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Transportation of emergency cases by Saudi Red Crescent Society medical teams to health facilities in Makkah and Mina during Hajj season 1429H-2008G


Saudi Red-Crescent Society (SRCS) participates in Hajj every year with a large well-trained medical team, expert in dealing with emergency cases in Hajj. Although provision of health care to these cases has been entrusted to the Ministry of Health, but Saudi Red-Crescent Society share the responsibility of transportation of these patients and provision of first aid and emergency care to them. Activities of SRCS, especially in relation to patient transportation to MOH health facilities, has not been studied adequately. To assess the workload and practices of the medical teams of the SRCS regarding referral and transportation of emergency cases to the health facilities, to assess the coordination and communication mechanism between SRCS and MOH teams regarding referral and transportation of emergency cases and to provide information based recommendation for improvement of coordination mechanism between SRCS and MOH regarding patient referral and transportation.


A descriptive cross-sectional self-administered questionnaire based study was conducted among team of SRCS in Makkah and Mina centers during Hajj 1429 H. Out of the 22 centers in Makkah and the 31 centers in Mina, half of them i.e. 11 centers in Makkah and 16 centers in Mina, were selected randomly. All the teams posted in these centers were included in the study (55 teams from Makkah centers and 56 teams from Mina centers).


Regarding team leaders, 63.1% were below 30 years of age with experience of 7 ± 6 years. 95.5% of them had at least one certificate in life support while 4.5% had no certificates. 6.3% have not done any CPR and 26.0% have not done any Endo-tracheal intubation during their whole careers. Duty hours for those teams were 17± 6 hours (range from 12 to 24 hrs). During last shift, the total number of cases attended by 109 teams was 1,342 cases with a mean of 12±5 cases for each team. Emergency care was provided for 1,154 cases (mean of 11 ± 4 cases for each team). The teams transported 813 cases to hospitals (mean of 8 ± 3 cases for each team). The average of the longest response time was from 2 to 210 minutes. The average of the longest transfer time was from 4 to 180 minutes. One hundred and three-team leaders (96.3%) out of 107 reported delay in transporting cases to hospitals. The most common reasons of this delay in transportation were overcrowding on the streets (82.0%), delay during locating the emergency case inside the camp or the scene (43.2%) and delay due to poor support from traffic/security staff (39.6%). Regarding the workload on teams, 47 teams (83.9%) worked 16 hrs and more in Mina, while only one team (1.8%) in Makkah centers (chi2 72.91; P-value <0.001). In Mina centers, 29 teams (53.7%) attended more than 14 cases last shift, while in Makkah only 6 teams (10.9%) had that number of cases (chi2 20.97 ; P-value <0.001). Emergency care was given for more than 14 cases by 22 teams (40.7%) in Mina while 4 (7.3%) teams in Makkah (chi2 15.01; P-value <0.001). Transportation of 8 or more cases was done by 40 teams (74.1%) in Mina compared to 7 teams (12.7%) in Makkah centers (chi2 39.35; P-value <0.001). In Makkah 10 (20.8%) teams had an average response time of 12 minutes or more as compared to 21 (42.9%) teams in Mina (P=0.035). Regarding average transfer time, in Makkah 18 (40.0%) teams had average transfer time of 15 minutes or more as compared to 22 (56.1% teams in Mina (P=0.201). Regarding communication and coordination before transportation, only 41.1% team leaders reported that there was coordination and communication with the hospitals before transportation of cases, the rest reported no communication or not sure.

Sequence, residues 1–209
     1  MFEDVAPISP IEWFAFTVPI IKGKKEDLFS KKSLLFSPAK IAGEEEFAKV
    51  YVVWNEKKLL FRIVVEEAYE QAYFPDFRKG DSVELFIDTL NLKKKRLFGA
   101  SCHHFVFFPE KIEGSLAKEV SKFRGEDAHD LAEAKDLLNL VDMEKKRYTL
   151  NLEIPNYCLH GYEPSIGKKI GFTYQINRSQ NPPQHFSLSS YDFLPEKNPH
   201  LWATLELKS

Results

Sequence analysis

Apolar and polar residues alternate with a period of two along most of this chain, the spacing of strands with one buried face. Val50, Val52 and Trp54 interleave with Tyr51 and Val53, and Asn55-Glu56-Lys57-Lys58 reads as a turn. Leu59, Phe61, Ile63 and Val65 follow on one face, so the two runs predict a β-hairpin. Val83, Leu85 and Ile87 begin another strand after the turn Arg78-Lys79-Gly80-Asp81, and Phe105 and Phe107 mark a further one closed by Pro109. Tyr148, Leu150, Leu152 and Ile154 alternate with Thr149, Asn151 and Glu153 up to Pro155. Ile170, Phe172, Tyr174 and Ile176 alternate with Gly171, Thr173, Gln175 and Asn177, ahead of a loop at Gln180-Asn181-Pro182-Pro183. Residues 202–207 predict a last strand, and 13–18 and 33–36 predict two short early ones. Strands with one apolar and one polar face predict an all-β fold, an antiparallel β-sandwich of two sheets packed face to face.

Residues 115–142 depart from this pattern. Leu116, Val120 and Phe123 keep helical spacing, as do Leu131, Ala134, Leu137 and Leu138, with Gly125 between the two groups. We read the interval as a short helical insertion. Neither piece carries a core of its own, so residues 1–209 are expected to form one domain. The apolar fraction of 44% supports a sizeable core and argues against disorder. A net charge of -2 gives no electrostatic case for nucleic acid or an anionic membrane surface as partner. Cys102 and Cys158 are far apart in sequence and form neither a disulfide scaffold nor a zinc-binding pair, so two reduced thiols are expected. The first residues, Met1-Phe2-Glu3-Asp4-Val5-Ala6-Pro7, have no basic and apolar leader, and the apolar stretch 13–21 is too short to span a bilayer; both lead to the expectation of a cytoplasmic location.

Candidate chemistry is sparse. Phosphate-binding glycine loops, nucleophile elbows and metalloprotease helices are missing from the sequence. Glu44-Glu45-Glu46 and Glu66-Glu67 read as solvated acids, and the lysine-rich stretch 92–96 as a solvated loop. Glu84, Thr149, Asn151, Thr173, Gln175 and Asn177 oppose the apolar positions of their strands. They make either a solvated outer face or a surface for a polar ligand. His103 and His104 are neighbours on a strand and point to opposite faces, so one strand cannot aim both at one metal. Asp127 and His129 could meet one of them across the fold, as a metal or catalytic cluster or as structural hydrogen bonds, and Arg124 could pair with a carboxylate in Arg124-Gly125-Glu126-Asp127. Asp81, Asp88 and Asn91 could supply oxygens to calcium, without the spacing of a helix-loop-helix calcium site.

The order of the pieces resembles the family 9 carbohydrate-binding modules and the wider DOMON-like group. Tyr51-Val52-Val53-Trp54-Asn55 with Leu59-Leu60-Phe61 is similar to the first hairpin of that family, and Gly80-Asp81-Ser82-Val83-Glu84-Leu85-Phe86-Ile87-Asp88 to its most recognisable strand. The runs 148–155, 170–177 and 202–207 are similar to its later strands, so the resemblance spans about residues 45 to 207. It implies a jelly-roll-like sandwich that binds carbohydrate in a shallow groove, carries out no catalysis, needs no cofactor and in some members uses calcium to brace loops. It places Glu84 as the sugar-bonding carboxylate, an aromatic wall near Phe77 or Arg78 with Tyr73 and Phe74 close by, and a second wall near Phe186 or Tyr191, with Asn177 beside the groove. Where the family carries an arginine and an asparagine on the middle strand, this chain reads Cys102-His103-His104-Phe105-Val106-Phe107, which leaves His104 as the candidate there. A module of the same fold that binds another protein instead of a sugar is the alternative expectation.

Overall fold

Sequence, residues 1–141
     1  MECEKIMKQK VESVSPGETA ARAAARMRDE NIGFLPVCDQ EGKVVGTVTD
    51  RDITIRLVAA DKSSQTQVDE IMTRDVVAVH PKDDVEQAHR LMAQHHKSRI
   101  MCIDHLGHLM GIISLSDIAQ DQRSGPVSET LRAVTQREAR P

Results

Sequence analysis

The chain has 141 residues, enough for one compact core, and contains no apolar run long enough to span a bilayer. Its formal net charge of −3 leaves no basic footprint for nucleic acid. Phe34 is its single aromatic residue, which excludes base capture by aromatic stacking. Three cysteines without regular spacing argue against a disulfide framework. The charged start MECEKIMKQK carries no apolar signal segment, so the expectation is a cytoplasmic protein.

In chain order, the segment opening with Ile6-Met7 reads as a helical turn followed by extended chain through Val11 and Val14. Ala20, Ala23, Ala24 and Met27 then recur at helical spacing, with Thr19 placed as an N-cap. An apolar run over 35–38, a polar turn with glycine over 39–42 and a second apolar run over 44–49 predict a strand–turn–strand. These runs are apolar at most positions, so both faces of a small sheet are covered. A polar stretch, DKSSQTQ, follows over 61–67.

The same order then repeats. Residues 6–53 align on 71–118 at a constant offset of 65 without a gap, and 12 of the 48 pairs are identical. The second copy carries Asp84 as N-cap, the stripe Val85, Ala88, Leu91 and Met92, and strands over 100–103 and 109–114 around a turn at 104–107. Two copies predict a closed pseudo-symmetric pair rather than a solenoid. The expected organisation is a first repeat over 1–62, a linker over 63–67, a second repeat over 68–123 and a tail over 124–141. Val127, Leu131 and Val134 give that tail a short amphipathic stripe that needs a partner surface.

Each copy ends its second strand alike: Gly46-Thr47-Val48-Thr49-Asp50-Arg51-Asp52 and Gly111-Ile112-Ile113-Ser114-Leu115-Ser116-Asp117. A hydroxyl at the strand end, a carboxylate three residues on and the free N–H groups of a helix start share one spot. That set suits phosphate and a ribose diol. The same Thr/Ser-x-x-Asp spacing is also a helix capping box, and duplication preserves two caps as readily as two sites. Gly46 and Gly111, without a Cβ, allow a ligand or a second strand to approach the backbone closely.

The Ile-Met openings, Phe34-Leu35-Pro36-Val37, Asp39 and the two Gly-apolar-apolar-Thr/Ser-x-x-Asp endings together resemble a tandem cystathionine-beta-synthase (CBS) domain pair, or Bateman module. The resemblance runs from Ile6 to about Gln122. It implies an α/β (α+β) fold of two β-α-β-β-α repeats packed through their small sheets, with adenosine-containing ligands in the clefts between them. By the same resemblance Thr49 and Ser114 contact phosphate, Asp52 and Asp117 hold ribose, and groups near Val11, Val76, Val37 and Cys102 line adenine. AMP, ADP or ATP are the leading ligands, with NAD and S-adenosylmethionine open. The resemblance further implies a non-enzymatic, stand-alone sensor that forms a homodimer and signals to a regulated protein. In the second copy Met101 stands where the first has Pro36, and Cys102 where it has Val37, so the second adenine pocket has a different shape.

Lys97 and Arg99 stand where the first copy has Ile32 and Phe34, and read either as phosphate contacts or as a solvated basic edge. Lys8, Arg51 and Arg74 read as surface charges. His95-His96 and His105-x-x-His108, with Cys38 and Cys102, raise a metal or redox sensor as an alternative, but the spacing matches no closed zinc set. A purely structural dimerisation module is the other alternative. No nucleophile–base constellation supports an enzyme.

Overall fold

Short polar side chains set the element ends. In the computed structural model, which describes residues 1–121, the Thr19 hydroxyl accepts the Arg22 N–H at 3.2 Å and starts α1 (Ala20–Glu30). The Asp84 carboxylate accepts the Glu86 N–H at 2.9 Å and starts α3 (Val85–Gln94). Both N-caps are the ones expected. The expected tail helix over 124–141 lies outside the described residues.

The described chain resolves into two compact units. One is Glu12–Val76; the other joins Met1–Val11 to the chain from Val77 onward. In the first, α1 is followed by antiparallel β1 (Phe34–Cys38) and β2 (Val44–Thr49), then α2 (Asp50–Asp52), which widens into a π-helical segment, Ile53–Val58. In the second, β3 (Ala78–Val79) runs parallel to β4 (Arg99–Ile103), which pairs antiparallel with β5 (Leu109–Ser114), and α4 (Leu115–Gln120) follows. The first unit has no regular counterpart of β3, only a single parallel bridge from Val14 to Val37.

Workload was quite high especially in Mina compared to Makkah during Hajj as assessed by long duty hours, large number of cases per shift, long transportation time and small size of teams. There was statistically significant higher workload in Mina as compared to Makkah, during last shift. There was hardly any communication and coordination between SRCS staff and MOH staff before transporting cases to health facilities.